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Kosovo, Serbia Make 'Good Progress' In Working Out Railway Deal Details


Ambassador Richard Grenell speaks during a press conference after a meeting with the Serbian president in Belgrade on January 24.

Kosovo and Serbia have made progress in working out the details of a deal on restoring railway traffic between their capitals, according to the special U.S. envoy to the Balkan nations, a week after the former war foes reached an agreement to resume commercial flights.

“We made good progress this morning on issuing a Letter of Intent on railway cooperation,” Richard Grenell said after a meeting between the Serbian and Kosovar delegations on January 27.

“The discussions went well enough that we also discussed other issues,” he said in a statement.

Grenell, who also serves as U.S. ambassador to Germany, hosted the talks at the U.S. Embassy in Berlin. He has conducted separate meetings with officials in Belgrade and Pristina in recent days to discuss the railway agreement.

The statement comes after Grenell on January 20 mediated the signing of an agreement between Kosovo and Serbia on the resumption of commercial flights between their capitals that were broken two decades ago when the 1998-99 Kosovo conflict escalated.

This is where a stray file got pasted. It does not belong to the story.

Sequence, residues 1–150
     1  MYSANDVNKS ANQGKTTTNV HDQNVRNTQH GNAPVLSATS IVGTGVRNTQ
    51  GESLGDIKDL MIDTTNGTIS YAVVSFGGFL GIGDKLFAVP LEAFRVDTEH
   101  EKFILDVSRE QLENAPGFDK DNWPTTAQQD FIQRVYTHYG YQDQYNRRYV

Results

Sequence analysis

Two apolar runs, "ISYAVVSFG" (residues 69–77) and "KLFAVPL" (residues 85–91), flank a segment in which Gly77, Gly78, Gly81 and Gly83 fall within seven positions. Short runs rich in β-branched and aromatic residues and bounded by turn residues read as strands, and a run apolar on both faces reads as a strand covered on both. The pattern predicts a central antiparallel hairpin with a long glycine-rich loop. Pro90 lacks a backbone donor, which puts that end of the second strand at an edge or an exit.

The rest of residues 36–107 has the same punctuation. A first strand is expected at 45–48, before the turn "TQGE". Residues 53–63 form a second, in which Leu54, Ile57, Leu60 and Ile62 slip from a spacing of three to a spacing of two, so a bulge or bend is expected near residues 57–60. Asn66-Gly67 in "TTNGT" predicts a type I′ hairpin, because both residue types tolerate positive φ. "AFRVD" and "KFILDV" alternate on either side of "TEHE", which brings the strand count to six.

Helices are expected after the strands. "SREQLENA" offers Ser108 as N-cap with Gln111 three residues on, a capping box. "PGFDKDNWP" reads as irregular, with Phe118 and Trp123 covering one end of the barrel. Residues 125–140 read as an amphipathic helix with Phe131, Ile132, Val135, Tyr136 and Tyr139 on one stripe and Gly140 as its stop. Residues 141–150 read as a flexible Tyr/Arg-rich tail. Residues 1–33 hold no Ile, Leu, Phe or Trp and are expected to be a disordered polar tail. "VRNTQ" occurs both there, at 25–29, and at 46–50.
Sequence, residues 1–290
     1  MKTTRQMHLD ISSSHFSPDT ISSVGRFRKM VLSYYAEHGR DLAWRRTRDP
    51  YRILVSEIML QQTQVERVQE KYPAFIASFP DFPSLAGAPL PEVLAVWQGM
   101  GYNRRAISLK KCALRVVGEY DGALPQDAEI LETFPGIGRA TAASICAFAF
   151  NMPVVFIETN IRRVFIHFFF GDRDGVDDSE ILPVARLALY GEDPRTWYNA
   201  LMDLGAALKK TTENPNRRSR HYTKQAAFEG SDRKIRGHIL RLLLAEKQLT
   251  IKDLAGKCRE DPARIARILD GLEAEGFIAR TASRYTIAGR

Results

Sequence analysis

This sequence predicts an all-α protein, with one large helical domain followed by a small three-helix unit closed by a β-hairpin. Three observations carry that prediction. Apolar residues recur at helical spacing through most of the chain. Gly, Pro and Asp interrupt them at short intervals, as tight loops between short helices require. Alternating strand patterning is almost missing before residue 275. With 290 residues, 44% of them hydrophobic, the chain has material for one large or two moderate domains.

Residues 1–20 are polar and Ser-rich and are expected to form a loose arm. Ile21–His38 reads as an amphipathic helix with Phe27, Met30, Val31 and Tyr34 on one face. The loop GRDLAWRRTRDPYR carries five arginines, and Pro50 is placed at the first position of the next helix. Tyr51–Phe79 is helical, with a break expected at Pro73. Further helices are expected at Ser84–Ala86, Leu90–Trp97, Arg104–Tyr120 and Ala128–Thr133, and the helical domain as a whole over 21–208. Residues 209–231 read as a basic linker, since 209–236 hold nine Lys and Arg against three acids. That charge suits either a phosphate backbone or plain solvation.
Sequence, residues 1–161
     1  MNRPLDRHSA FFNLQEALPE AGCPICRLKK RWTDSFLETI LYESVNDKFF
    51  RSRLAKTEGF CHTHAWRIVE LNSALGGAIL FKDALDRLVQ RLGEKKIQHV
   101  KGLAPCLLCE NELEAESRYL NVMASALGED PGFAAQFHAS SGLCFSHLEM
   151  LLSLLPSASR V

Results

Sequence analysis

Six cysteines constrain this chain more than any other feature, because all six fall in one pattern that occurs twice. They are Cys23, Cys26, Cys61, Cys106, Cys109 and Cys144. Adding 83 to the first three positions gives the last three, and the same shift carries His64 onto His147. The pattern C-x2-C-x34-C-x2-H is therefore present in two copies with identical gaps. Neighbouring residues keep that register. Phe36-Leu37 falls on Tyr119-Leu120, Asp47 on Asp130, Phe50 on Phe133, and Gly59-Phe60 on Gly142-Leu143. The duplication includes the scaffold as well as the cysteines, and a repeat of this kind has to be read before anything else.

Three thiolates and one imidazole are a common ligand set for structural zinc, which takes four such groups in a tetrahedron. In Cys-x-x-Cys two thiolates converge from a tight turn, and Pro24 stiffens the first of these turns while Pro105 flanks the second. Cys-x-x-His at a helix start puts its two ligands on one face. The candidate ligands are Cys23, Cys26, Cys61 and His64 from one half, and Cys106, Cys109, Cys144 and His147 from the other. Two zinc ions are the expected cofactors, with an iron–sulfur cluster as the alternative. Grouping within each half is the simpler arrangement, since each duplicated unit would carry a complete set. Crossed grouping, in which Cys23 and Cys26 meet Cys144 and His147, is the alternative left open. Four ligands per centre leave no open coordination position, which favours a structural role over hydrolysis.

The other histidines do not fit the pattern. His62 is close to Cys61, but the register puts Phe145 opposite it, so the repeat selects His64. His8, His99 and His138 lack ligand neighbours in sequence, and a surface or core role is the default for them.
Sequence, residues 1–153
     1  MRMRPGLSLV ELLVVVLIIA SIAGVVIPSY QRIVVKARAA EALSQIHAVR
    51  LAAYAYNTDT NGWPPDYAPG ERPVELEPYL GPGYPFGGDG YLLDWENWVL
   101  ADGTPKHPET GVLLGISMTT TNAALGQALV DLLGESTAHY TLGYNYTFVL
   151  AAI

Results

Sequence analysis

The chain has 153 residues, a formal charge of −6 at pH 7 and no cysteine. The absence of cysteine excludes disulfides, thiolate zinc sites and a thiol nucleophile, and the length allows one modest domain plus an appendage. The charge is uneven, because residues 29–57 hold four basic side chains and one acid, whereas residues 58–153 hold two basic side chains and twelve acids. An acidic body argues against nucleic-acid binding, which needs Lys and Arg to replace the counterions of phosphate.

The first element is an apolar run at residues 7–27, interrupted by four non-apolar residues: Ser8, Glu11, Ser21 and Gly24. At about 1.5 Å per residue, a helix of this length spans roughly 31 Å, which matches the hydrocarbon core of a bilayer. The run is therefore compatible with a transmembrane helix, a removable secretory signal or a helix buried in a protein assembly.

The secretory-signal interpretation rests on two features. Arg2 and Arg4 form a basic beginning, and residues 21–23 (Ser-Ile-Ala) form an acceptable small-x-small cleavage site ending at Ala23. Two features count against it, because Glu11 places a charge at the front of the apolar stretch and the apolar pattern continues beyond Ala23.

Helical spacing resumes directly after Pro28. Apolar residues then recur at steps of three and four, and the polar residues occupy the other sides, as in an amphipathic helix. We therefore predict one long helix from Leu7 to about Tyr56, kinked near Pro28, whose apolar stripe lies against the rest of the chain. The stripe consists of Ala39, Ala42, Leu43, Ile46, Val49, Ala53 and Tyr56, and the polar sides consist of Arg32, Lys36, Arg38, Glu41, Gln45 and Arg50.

Kosovo’s outgoing Prime Minister Ramush Haradinaj hailed the agreements as “positive signs” and said the deals would also push Kosovo to repair its railway system, which is in “a miserable situation.”

Relations between Pristina and Belgrade have remained strained after the Kosovo war that claimed more than 10,000 lives and left over 1 million people homeless.

Serbia continues to consider its former province part of its territory. Kosovo's independence, declared in 2008, has been recognized by about 100 countries, including the United States.

Talks on normalizing diplomatic relations were derailed in November 2018 by Pristina's imposition of 100-percent tariffs on Serbian goods and services in response to Belgrade's continued lobbying for countries to reverse their recognition of Kosovo.

During his visits to Pristina and Belgrade this month, Grenell urged the two neighbors to overcome their differences and to focus on economic development.

With reporting by AP
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